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May the Best Bacteria Win Battle Against Illnesses

Nutritional Sciences Prof Examines Feeding Frenzy

Kelsey Mangano
Asst. Prof. Kelsey Mangano answers questions about the gut microbiome and what it means for health outcomes.

05/18/2018
By Karen Angelo

The next time you pick up that donut, consider this: There’s a war for survival going on inside your gut, and you’re feeding the enemy. 

Growing evidence reveals that the benefits of healthy bacteria in the gut go well beyond fighting off pathogens and aiding digestion. A healthy composition of the gut microbiome – a vast army of microorganisms that keep us alive – could help prevent depression, obesity, arthritis and illnesses such as Parkinson’s Disease among others. 

Asst. Prof. Kelsey Mangano in the Department of Biomedical and Nutritional Sciences conducts research on the effects of nutrition on bones, muscle and inflammation. Her most recent project examines the role of yogurt intake on the composition of the gut microbiome. 

Mangano, who joined the Zuckerberg College of Health Sciences in 2015, is a member of the Center for Population Health and holds an adjunct faculty appointment at the Institute for Aging Research at Hebrew Senior Life, a Harvard Medical School affiliate. She shares her expertise on the new medical frontier of the gut microbiome and what it means for health outcomes. 

Q: Why is the gut microbiome important? 

A: Think of your gut as a house that contains 100 trillion bacteria that live or die, depending on what you feed it. Healthy bacteria are fighting for a home and are less likely to survive on diets of junk food and refined sugars. 

Q: How does a healthy gut compare to an unhealthy gut? 

A: A healthy gut is defined by having many types of bacteria present and higher activity of healthy versus unhealthy bacteria. People who tend to eat a consistent diet low in fiber and high in refined grains, sugars and bad fats will have an unhealthy gut, with fewer bacteria. Studies show that people with less diversity in their guts have higher rates of chronic disease, obesity, diabetes, heart disease, inflammation and colon cancer. To achieve a healthy gut, individuals should consume more fruits and vegetables, whole grains and adequate healthy proteins.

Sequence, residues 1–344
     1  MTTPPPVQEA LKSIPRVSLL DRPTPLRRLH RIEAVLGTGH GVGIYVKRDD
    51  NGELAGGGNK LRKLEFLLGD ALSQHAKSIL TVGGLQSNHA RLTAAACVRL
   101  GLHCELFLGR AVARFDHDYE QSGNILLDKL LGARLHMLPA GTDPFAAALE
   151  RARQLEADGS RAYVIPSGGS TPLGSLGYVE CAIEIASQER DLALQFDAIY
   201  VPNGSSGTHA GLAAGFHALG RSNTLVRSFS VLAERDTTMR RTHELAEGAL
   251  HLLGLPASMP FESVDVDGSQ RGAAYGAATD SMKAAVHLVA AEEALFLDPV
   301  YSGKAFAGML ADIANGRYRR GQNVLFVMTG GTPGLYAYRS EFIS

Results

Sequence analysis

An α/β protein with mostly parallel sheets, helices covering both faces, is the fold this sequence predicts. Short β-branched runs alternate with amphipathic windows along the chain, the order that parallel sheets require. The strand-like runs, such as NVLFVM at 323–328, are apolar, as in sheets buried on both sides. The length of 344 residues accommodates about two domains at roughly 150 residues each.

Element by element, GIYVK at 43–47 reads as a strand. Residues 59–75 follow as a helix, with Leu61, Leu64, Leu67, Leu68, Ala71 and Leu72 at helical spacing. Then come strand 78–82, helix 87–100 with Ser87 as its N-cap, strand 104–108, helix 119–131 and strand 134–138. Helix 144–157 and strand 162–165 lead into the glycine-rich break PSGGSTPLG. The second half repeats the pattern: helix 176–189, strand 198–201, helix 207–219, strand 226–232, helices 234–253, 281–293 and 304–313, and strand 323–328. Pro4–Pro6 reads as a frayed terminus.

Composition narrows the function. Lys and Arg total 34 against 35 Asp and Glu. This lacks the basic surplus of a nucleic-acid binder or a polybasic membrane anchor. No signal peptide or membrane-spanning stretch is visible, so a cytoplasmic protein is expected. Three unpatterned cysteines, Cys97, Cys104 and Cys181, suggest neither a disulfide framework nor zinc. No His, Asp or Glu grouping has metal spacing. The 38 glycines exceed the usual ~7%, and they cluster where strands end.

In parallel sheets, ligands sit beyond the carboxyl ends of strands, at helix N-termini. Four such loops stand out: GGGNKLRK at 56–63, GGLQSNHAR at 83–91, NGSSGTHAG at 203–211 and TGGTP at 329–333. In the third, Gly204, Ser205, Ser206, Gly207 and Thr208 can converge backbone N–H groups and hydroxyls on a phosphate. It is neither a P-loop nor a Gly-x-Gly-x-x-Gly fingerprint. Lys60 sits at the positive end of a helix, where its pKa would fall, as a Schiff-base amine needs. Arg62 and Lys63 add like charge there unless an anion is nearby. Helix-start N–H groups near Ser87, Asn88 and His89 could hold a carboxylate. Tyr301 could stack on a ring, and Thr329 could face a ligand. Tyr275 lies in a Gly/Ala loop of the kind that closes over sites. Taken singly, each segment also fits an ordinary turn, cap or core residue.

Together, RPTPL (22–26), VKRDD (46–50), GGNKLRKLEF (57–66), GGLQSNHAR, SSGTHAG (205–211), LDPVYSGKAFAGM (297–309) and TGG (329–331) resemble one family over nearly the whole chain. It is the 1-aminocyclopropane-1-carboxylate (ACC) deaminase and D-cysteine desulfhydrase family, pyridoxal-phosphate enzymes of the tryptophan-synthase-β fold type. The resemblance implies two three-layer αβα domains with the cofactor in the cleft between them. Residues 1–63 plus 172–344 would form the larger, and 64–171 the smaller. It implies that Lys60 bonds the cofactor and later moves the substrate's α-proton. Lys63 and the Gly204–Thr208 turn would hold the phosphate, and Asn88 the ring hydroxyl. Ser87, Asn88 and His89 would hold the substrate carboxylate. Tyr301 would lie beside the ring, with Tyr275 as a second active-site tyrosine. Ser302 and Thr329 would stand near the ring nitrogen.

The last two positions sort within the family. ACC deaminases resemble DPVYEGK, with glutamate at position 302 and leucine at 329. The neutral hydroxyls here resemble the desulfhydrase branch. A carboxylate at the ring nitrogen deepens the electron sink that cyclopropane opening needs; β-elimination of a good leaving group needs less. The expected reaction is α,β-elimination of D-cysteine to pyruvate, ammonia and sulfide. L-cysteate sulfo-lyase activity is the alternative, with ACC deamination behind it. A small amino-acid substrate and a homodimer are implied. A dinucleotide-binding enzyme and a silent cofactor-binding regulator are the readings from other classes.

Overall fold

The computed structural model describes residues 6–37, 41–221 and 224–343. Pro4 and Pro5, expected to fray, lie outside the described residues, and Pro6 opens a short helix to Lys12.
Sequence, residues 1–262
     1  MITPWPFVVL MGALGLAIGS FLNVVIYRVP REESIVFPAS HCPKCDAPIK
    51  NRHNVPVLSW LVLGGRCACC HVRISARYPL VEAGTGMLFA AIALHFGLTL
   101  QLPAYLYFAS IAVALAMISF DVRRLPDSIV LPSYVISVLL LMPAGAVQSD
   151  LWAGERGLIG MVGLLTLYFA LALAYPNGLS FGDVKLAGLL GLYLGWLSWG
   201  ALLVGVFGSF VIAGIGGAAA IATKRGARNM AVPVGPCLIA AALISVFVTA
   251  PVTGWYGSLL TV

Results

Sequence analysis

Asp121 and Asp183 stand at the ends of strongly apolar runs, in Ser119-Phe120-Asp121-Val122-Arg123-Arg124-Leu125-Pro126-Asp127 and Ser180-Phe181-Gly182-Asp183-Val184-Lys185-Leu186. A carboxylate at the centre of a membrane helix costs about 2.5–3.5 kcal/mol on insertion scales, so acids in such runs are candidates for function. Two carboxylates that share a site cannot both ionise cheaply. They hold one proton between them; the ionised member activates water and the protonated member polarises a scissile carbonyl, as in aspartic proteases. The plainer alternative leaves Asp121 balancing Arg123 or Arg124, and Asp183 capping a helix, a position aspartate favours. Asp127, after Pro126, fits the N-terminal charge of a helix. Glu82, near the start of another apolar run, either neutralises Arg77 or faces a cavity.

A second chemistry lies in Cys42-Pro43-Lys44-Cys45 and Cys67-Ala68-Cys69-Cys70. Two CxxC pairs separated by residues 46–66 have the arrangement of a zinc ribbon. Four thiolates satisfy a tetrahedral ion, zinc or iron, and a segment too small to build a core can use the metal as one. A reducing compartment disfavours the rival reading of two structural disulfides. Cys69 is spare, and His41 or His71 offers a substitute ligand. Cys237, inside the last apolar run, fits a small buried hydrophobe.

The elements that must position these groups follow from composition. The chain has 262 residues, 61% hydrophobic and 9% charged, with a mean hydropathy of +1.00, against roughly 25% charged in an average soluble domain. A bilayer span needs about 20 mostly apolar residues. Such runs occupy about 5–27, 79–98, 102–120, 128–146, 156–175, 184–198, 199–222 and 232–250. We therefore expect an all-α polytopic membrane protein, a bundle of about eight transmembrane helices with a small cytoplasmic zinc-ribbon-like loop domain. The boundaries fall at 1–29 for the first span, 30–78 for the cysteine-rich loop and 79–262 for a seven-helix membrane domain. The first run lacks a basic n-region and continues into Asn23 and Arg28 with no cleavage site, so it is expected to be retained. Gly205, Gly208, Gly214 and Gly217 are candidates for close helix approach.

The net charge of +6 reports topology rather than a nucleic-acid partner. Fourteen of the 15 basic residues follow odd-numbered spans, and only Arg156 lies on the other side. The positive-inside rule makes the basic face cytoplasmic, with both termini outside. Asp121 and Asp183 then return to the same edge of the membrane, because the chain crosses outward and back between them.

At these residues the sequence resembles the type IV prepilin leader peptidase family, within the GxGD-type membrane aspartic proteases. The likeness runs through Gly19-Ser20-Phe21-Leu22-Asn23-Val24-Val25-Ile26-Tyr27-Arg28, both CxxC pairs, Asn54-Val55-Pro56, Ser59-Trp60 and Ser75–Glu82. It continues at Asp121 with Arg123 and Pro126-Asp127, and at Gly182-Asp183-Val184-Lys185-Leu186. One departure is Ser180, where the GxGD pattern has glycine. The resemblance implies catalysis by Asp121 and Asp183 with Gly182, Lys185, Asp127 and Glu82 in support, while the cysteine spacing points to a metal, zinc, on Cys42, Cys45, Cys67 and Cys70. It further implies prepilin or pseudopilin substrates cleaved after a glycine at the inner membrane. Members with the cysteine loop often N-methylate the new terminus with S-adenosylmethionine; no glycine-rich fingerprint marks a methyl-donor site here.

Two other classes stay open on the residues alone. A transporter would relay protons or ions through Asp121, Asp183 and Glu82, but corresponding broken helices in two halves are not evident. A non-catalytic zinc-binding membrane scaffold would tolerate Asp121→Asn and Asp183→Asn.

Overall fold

Q: What does the latest research tell us about the functions of the microbiome? 

A. We understand now that the microbiome is full of bacteria that are very much alive and functioning. These unique bacterial activities may contribute to many important functions in the body. This not only depends on the number of bacteria in the gut, but also on the types of bacteria present that demonstrate unique activity. For example, if we form a diverse gut microbiome, we better absorb minerals such as calcium and magnesium. Greater absorption of these nutrients may lower inflammation and improve bone health. 

Q: What foods promote a healthy gut? 

A: The best thing you can do is eat a balanced diet, high in fiber. Fiber feeds gut bacteria. Good bacteria especially thrive on nondigestible fibers, such as garlic, onions and leeks. Fruits, vegetables, whole grain rice and breads – all contribute fiber to a healthy diet. Fermented foods, such as yogurt, kimchee, sauerkraut and pickled foods, contain live cultures that boost health-promoting gut bacteria. These foods provide a healthy dose of bacteria that may help to prevent growth of other bacteria shown to be associated with poor health outcomes. 

Q: After switching to a healthy diet, how long does it take for the composition of the gut to improve? 

A: Amazingly, it can take less than 24 hours. Making a change to your diet will alter the gut microbiome within a day. However, these changes are not permanent. If a person goes back to their original diet, the gut bacteria will also change. Therefore, any positive changes made to the diet should be sustained long-term. 

Q: Should people take probiotic and multivitamin supplements? 

A: Getting your nutrients from food is always best. The unique interaction of nutrients in foods may have the most beneficial health effects. One reason for this is that nutrients within foods work together for greater absorption. However, some people may benefit from a probiotic supplement. For example, if a person is taking an antibiotic, which lowers the diversity of the gut bacteria, they may benefit from the healthful bacteria probiotics provide. 

Q: What does the future hold for research of the microbiome? 

A: This field of research is exploding. With new laboratory techniques, we can test the genetic makeup of gut bacteria and understand their function and activity. I expect that new approaches to prevent and treat chronic diseases will be developed based on diets that can modify the gut microbiome. Food will be medicine.